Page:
She actively sought researchers who would dare tackle this topic despite the societal taboos. It wasn't until 1950 that science could even truly conceive of such a thing, and that’s when Katharine found her partner, biologist Gregory Pincus, who'd had success controlling the hormone levels of test rabbits. Funded by Katharine, Pincus moved on to human testing under the guise of "fertility treatments" in 1954. By 1960, the Food and Drug Administration had approved the pill, and so began a new wave of feminism thanks to one of its fierce foremothers.
13. Caterina Sforza // Tigress of Forli
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Perhaps the most infamous woman of Renaissance Italy, Caterina earned her nickname when her husband (Girolamo Riario, the Lord of Forli) was killed by rebels in 1488. After smooth talking her way through these foes into the safety of an ally's fortress, she took to the top of its barricades and hurled obscenities at the rebels she'd tricked. Incensed, they threatened to murder her children, held hostage. The Tigress responded by pulling up her skirts, exposing her genitals and callously proclaiming, "Kill them. I can make more."
While this (remarkably) did not lead to the death of her children, it did mark her rise as a notorious warlord. But for all the murders, torture, and destruction she wrought, Caterina's most outrageous crime was when she allegedly tried to kill Pope Alexander VI (a.k.a. Rodrigo Borgia). In 1499, she sent the pontiff a curious package of letters, swaddled in a scarlet cloth. How this was meant to kill the pope is a matter of debate. Some suggest that Caterina's interest in alchemy inspired her to employ a poison that should have been absorbed through the skin. But others suggest that the Tigris had attempted early germ warfare by wrapping the letters in the clothes of a bubonic plague victim. More shocking might be that this warlord met no violent end. Though briefly imprisoned, she was released after the pope's natural death, and spent the rest of her days dabbling in alchemy.
14. Katharine Drexel // Actual Saint
While many wealthy women (and men) have given money to charity, few have gone as far as this 19th century heiress to a J.P. Morgan financier's fortune. By age 33, Katharine had become a nun, and as Sister Katharine she used her great wealth to build schools for the underserved populations of Native Americans and African Americans she had met in her cross-country travels. She founded and funded the Sisters of the Blessed Sacrament for Indians and Colored People. Known today as the Sisters of the Blessed Sacrament, this group has opened 145 missions, 49 elementary schools, and 12 high schools.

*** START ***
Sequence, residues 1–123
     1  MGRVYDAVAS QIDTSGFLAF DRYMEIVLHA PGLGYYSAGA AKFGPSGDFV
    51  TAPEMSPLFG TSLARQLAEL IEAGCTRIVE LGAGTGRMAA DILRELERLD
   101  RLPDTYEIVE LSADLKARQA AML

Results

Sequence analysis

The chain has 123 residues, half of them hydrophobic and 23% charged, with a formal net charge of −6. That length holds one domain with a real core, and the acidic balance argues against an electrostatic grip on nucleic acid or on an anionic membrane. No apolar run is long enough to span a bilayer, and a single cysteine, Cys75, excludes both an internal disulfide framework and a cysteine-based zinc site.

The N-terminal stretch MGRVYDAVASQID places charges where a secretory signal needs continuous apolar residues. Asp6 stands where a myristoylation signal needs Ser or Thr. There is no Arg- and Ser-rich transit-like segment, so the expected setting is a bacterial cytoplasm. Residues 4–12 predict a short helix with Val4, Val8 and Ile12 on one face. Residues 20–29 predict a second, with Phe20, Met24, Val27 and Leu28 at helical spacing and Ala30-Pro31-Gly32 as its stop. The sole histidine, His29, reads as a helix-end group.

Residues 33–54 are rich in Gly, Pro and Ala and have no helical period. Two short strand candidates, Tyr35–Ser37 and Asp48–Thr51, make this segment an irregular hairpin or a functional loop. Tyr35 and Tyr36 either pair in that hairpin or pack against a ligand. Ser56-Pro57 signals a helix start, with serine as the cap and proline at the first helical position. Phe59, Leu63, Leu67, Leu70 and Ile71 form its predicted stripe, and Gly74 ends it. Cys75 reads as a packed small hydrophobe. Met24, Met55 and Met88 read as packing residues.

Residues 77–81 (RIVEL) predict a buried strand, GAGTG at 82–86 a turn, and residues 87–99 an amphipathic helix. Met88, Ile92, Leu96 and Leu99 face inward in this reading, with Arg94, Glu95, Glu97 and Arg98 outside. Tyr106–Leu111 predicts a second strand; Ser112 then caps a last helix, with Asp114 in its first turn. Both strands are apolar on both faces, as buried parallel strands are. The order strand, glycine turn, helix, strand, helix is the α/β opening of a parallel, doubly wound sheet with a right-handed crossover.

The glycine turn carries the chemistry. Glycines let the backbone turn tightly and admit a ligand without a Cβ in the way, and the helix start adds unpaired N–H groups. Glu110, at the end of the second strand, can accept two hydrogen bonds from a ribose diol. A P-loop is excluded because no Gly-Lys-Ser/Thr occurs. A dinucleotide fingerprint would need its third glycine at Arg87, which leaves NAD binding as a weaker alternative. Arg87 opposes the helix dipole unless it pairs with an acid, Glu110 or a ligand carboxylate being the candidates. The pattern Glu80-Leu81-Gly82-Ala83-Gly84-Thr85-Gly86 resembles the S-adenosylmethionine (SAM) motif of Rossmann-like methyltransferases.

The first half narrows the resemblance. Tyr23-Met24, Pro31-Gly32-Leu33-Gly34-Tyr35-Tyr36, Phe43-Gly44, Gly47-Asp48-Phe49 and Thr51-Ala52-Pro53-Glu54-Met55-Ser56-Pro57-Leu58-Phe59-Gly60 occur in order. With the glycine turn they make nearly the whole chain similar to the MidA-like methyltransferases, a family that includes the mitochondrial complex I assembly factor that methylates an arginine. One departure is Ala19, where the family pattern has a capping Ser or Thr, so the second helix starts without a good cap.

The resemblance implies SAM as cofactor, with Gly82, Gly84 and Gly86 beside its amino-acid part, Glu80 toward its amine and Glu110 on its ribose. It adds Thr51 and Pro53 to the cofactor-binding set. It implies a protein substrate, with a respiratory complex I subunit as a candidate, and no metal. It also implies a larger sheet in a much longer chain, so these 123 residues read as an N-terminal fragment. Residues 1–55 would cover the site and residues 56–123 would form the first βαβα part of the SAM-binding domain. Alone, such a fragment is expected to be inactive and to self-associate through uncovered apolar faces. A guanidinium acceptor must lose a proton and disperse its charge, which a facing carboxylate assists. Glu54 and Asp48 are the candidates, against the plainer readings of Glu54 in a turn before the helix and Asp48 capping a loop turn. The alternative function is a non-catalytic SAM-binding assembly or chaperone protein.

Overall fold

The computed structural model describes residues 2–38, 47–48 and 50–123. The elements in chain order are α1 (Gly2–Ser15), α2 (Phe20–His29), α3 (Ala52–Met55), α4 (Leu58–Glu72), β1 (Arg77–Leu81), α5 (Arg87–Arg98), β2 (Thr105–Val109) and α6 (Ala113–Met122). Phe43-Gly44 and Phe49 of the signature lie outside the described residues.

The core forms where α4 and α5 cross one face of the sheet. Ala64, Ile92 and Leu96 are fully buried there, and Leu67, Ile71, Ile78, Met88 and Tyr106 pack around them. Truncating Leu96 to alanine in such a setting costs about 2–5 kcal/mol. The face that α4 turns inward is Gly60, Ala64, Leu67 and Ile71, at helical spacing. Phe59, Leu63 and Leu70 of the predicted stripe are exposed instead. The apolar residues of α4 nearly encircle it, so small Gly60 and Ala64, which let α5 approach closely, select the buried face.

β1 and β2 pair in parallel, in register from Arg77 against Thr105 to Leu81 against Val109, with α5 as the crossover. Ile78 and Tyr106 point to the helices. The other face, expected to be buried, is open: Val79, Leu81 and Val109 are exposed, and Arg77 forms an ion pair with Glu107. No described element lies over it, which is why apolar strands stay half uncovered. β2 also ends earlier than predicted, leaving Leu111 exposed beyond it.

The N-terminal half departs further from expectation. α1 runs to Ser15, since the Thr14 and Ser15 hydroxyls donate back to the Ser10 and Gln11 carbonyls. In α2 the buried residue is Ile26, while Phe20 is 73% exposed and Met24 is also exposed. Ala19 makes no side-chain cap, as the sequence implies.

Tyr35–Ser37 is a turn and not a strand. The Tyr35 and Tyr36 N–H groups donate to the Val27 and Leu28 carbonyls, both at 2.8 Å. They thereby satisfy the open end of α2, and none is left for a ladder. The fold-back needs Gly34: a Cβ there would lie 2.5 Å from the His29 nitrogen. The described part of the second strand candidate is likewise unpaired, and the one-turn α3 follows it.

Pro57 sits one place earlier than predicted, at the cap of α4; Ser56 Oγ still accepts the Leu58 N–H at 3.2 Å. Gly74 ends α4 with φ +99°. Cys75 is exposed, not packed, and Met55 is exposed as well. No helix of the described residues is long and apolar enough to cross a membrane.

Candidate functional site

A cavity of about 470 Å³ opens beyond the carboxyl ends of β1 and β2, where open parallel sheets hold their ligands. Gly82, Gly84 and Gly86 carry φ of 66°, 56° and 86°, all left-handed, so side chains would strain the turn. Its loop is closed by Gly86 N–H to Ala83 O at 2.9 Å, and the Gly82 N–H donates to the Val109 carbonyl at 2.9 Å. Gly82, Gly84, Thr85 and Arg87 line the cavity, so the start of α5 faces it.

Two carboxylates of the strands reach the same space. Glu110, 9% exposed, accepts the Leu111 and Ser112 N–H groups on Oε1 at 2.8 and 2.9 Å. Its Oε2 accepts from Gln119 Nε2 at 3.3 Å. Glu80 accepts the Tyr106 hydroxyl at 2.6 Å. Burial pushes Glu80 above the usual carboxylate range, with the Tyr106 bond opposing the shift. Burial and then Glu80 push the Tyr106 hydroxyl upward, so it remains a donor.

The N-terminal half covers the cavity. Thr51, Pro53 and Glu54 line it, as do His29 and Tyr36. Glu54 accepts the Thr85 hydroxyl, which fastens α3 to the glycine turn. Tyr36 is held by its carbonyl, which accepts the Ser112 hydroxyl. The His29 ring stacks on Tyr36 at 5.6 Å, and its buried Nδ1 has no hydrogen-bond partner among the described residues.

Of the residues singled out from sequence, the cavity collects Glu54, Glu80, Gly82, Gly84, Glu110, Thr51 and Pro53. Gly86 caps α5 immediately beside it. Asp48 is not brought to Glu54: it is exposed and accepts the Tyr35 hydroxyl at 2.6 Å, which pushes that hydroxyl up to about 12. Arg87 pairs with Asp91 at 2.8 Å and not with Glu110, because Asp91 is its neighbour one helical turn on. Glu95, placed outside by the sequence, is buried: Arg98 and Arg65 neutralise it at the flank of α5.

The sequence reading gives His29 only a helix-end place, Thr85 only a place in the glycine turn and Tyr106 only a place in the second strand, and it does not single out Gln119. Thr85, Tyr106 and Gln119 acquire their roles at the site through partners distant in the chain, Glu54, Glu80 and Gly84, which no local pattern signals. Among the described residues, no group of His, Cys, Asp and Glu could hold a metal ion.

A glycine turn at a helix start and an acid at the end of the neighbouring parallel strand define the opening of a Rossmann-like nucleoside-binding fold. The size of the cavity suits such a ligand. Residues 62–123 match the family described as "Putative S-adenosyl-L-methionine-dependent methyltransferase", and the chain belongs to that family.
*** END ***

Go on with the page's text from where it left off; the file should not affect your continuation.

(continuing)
For her faith, missionary work, and donating an estimated $20 million to charity before her passing at the age of 96, she was canonized as Saint Katharine Drexel in 2000. Her feast day is March 3rd.
15. Krystyna Skarbek // "The Very First Bond Girl"
Also known as Christine Granville, this Polish heiress's heroics in World War II inspired author Ian Fleming's Casino Royale character Vesper Lynd. Though raised in luxury, Krystyna knew how to get down and dirty when it came to battling Nazi forces. While being interrogated by the Gestapo, she bit her tongue so hard she was able to cough up blood and feign tuberculosis, winning a release. Another time, she scared off a troop of would-be German captors by raising her arms—in seeming surrender—to reveal a pair of live grenades.
When WWII broke out, she volunteered herself to the British government as a spy, even offering a plan to disrupt Nazi influence in Hungary through pamphlets, using skis as transport. The British Special Operations Executive said yes, leading to her fateful meeting with Andrzej Kowerski, who'd become her partner professionally and romantically. Their missions sent them again and again into enemy territory, and her successes earned her the honor of being called Churchill's favorite spy. This wily woman's reputation has understandably become legendary. British ambassador Sir Owen O'Malley once declared, "(Krystyna is) the bravest person I ever knew. She could do anything with dynamite—except eat it."